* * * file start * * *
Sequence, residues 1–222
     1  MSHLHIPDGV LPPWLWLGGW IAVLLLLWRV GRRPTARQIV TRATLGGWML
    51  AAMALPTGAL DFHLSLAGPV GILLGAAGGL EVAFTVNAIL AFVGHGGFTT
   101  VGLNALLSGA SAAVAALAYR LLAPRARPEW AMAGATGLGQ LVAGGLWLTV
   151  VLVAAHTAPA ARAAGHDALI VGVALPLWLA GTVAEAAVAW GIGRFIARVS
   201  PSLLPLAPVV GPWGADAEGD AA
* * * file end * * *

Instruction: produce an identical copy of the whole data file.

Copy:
Sequence, residues 1–222
     1  MSHLHIPDGV LPPWLWLGGW IAVLLLLWRV GRRPTARQIV TRATLGGWML
    51  AAMALPTGAL DFHLSLAGPV GILLGAAGGL EVAFTVNAIL AFVGHGGFTT
   101  VGLNALLSGA SAAVAALAYR LLAPRARPEW AMAGATGLGQ LVAGGLWLTV
   151  VLVAAHTAPA ARAAGHDALI VGVALPLWLA GTVAEAAVAW GIGRFIARVS
   201  PSLLPLAPVV GPWGADAEGD AA